1. Miso is a particularly regenerative and strengthening
food. A miso broth with raw vegetables added just to the
heated point (not fully cooked) has a healing effect,
especially in cold weather.
2. Cooked brown rice and possibly millet are sattvic and
very nutritious whole grains. These taken whole or pureed in
a miso soup broth can be very strengthening.
5. Infants and Children
We have found no evidence of any harmful effects suffered
by children on a raw diet. Indeed, we have several reports
of children raised in excellent health on a strict
fruitarian diet. For infants in the first year of life,
breast milk alone is optimal. Weaning may best he done with
gradual addition of fresh, ripe fruits, soaked dried fruits,
fresh fruit juices diluted 50% with water, and sprouts put
through the blender (avoiding heavy bean sprouts such as
garbanzos and kidney beans). Cereals. potatoes. and bread
should he avoided. As teeth begin to appear, nuts and seeds
may he added. These may be introduced somewhat earlier in
the form of nut milks. Blended vegetables, especially of the
green leafy variety may be used. Spirulina, wheatgrass, and
rye sprouts or rye grass, which is good for the teeth (rye
is high in calcium flouride), are recommended.
Our diet as parents should provide the basis for what
children eat. Parents are responsible to observe how their
children respond to diet, carefully noting chronic
tendencies inherent to vital, peculiar, or solid
strategies,8 and vitality and freedom from toxicity and
enervation. Height and weight curves during growth should be
followed with measurements every four to six months, and
recorded on growth charts available from any doctors office
or The Radiant Life Clinic. Growth is a good overall
indicator of a childs health.
6. Pregnancy and Lactation
A raw diet may be completely adequate for
pregnancy some even argue that such a diet is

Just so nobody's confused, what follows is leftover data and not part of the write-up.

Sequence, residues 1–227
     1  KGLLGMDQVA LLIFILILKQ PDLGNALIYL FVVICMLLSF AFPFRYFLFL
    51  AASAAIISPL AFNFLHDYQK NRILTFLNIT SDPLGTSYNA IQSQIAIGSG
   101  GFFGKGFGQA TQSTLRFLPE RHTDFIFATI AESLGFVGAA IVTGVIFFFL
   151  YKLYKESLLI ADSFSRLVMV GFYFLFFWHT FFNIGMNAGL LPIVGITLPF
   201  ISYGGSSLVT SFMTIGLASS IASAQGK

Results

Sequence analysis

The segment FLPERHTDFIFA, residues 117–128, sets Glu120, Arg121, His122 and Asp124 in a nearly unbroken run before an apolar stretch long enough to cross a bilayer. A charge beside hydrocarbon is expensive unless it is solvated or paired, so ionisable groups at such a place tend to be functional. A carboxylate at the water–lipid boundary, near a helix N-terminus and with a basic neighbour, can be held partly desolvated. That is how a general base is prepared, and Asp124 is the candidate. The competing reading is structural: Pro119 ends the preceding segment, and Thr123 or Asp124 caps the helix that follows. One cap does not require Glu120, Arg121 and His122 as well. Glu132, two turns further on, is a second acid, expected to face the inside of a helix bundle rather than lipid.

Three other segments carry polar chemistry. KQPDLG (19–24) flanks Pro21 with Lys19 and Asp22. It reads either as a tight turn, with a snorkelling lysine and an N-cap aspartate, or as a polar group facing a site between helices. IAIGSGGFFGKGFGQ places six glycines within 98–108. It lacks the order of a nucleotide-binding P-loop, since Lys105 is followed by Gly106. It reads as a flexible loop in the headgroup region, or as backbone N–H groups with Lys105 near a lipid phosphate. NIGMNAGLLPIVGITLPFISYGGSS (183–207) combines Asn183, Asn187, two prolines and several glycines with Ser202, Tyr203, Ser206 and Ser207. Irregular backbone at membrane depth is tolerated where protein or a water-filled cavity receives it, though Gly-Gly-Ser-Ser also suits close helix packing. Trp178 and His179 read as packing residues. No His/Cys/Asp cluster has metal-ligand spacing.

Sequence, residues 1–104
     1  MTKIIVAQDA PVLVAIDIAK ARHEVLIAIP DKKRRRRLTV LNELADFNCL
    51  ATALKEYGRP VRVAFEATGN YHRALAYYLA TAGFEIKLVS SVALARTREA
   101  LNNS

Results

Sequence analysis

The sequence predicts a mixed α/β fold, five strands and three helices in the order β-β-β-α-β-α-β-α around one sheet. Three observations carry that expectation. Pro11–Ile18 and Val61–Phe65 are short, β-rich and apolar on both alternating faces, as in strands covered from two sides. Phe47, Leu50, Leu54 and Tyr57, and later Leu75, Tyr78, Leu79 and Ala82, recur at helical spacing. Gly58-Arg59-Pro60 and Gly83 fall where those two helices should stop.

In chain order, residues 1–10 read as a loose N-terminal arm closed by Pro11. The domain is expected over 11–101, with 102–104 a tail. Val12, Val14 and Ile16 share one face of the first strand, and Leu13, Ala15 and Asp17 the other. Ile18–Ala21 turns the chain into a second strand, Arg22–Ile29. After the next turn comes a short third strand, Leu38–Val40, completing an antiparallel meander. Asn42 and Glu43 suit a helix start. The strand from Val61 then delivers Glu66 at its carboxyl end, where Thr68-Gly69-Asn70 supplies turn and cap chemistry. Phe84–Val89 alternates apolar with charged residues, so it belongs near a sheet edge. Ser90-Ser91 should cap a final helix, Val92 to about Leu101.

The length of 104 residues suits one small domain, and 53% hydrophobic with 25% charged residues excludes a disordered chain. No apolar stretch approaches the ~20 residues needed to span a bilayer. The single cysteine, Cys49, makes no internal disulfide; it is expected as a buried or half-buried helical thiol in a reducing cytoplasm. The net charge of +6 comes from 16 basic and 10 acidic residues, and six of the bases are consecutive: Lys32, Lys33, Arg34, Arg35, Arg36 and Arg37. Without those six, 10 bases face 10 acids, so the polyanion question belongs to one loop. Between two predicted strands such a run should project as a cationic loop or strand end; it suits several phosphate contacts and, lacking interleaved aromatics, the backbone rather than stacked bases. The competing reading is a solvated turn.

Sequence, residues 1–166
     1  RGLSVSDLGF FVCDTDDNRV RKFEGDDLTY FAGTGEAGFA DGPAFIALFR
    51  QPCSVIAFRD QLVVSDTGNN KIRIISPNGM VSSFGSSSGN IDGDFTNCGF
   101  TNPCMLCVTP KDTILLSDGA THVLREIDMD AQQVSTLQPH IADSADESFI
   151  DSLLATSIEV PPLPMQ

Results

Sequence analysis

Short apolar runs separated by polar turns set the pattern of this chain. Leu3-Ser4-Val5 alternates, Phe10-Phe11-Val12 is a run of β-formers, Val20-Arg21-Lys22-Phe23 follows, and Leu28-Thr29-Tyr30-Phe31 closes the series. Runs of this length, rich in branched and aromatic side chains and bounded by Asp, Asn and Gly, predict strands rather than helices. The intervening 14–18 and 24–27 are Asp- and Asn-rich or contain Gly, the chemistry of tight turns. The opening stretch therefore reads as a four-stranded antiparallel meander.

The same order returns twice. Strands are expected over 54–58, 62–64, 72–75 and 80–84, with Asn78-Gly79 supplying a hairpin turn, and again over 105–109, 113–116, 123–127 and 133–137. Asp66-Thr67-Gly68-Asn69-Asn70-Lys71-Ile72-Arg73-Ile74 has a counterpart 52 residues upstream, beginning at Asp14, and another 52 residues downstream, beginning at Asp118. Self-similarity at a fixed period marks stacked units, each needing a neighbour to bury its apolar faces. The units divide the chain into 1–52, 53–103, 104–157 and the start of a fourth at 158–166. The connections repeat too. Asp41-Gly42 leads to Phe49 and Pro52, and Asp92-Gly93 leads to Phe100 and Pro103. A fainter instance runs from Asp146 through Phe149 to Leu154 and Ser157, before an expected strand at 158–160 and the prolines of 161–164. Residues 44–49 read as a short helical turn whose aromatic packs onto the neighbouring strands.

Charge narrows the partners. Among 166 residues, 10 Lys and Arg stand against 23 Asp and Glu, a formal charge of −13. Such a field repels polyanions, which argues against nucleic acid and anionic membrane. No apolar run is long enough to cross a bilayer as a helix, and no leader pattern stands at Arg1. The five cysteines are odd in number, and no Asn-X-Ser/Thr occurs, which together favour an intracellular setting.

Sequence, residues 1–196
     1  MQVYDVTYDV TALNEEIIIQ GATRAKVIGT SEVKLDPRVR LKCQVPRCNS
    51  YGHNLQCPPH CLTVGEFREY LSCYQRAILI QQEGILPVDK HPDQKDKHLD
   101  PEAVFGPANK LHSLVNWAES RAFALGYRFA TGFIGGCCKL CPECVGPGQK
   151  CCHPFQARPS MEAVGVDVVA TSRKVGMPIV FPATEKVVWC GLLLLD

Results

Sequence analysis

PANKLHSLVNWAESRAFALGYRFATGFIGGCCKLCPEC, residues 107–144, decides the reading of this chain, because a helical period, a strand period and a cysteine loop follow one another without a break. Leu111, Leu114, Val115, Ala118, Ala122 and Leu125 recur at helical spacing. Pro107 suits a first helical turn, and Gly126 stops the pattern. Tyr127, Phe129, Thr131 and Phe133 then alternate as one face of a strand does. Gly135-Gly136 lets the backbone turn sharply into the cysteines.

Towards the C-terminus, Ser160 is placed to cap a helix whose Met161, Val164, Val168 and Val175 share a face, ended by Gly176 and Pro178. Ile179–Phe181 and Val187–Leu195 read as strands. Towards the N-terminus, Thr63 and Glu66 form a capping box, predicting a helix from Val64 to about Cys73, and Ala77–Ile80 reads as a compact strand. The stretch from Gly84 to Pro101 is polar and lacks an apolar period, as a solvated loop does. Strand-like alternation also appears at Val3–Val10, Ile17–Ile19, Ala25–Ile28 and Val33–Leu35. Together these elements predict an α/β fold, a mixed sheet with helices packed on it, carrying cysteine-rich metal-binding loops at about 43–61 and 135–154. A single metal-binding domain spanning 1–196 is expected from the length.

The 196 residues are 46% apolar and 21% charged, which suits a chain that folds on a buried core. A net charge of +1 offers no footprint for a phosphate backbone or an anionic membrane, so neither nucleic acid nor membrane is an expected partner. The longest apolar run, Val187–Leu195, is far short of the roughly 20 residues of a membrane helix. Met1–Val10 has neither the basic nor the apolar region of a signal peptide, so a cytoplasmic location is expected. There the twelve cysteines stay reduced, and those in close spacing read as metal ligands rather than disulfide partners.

preferable. We do not, however, have good evidence on this
point. It also appears that radical dietary changes should
not be made during pregnancy itself, although substitutions
may be made, e.g., sesame or sprouted wheat milk for dairy
products. “Morning sickness” in the early phase of pregnancy
is a purification syndrome. The mothers body is trying to
cleanse itself of accumulated wastes. If these symptoms
appear, a largely raw diet, properly used, might be of great
help during the early phase of gestation. However, no
radical changes should be made from the dietary practice
existing at the onset of pregnancy. Excess protein and fat
should be avoided since they will contribute to toxemia.
Supplements and vitamins may be taken during pregnancy.
These recommendations also apply to lactating mothers.
7. Be Intelligent, Not a Robot
The entire matter of dietary practice requires
intelligence, sensitivity to ones own bodily state, and an
open mind. Application of the diet is an art and science of
maintaining bodily equanimity. Therefore, whatever creates
that balance for each individual is what must be engaged.
During the transition to a raw diet an individual may need
nutritional supplements, vitamins, or substantial amounts of
fermented products. And once on the raw diet, someone may
begin to notice an imbalance, created through bodily
tendency or circumstance, and may need to make adjustments
such as the addition of cooked rice or possibly millet, at
least temporarily. Dietary decisions must be handled through
discriminative intelligence, not through dogmatic taboos.
The point of view is to practice an optimum diet, and an
optimum diet may include at any time for an individual a
preponderance of certain foods and a decrease of others or
even an addition of new foods such as cooked grain. Be
intelligent, not a robot reduced to a formula!
REFINEMENTS OF THE RAW DIET
Once a person has eaten the raw diet stably for a period
of one to three months, refinements can be made that will
further enhance the bodily participation in the Fullness of
Life. Master Da has suggested that a fruitarian diet might
become appropriate as spiritual maturity progresses.
There is no consensus on exactly what foods are to be
considered fruits. Some fruitarians include anything that
contains seeds, such as avocados, tomatoes, cucumbers,
peppers, zucchini, and even corn. Most include seeds and
nuts, although all caution against their overuse. For
example, 1-2 ounces of almonds should be sufficient for a
day. Beans and peas are definitely not fruits. (See Appendix
A, p. 56, for a list of fruits.)
We have observed that as the raw diet is refined and
moves toward the fruitarian diet, we become more sensitive
to our natural cycles of energy. The daily rhythm of the sun